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Municipalities doing double take on audit

To audit or not to audit—that is still the question.

District councils are taking yet another look at their request for an programmatic audit of the Northwest Health Unit as the Rainy River District Municipal Association contemplates its next move.

And at another meeting later this month, it’s hoping the Northwest Health Unit board will be on hand to answer their questions.

Health unit may see final payments

March could be the final payment district municipalities make to the Northwestern Health Unit until the provincial government provides actual “download” numbers.

That’s something the Rainy River District Municipal Association will be voting on Monday when it meets here to put together a proposal for a District Social Services Administration Board (DSSAB).

Town apply for special fund

Although the final “download” numbers aren’t in, the town could get some provincial dollars to help it cope.

At its regular meeting Monday, town council approved submitting an application for special circumstances dollars to help it get through the “download.”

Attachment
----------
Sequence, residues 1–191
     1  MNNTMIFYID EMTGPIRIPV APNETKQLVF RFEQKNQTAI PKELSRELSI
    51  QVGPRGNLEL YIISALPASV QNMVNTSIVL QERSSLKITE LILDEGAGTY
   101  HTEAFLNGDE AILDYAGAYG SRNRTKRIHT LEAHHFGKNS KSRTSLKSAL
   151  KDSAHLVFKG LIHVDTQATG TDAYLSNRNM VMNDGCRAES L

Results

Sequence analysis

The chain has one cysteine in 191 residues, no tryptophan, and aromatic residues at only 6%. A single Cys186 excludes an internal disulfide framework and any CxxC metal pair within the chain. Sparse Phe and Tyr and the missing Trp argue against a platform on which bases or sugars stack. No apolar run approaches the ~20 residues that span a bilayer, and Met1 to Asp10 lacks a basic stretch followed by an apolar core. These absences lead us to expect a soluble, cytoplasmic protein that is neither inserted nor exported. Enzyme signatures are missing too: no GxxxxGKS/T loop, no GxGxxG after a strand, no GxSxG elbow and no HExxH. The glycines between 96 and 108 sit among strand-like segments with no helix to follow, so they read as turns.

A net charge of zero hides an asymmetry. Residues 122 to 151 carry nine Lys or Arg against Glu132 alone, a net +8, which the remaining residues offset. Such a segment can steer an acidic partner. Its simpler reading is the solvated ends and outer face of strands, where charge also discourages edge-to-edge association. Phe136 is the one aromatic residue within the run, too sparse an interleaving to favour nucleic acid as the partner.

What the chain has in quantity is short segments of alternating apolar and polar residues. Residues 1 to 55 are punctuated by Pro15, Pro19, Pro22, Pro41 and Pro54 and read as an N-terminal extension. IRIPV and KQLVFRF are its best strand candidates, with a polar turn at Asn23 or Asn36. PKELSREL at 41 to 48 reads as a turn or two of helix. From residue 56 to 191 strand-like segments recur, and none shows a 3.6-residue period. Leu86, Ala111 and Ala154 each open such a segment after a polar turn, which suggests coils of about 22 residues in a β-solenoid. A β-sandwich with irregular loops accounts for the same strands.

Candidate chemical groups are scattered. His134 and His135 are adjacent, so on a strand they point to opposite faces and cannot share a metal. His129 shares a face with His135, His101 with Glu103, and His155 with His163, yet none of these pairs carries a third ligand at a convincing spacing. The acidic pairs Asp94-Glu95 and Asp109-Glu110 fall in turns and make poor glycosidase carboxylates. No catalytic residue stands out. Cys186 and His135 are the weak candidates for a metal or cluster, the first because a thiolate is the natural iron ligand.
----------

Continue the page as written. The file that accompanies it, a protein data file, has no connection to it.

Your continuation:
Utilities commissions gearing up to peddle power

Local electricity customers soon could be purchasing power from a new distributor as public utilities commissions in Northwestern Ontario gearing up for the deregulation of Ontario Hydro

Open access to electricity distribution means businesses will be going door-to-door selling electricity. And the Northwest Energy Corp. is hoping to get the jump on that market.

Computer literacy tops in job market

Check the job ads of any major newspaper these days and you’ll find computer-related careers take up a lot of the space.

The fact that hi-tech careers are a high-growth area on the job market is a cue for high school students planning their futures, suggested Carol Brown, a labour market analyst with Human Resources Development Canada’s Employment Services office in Kenora.

Making the right choices

While the outcome of the universe may not hinge on whether you take chemistry in grade 11, Fort High vice-principal Mary Hickling said course selection rates high on the list of priorities for students.

Students are advised to pick courses based on their “career plan,” Hickling said, whether they plan to go to university or right into the work force.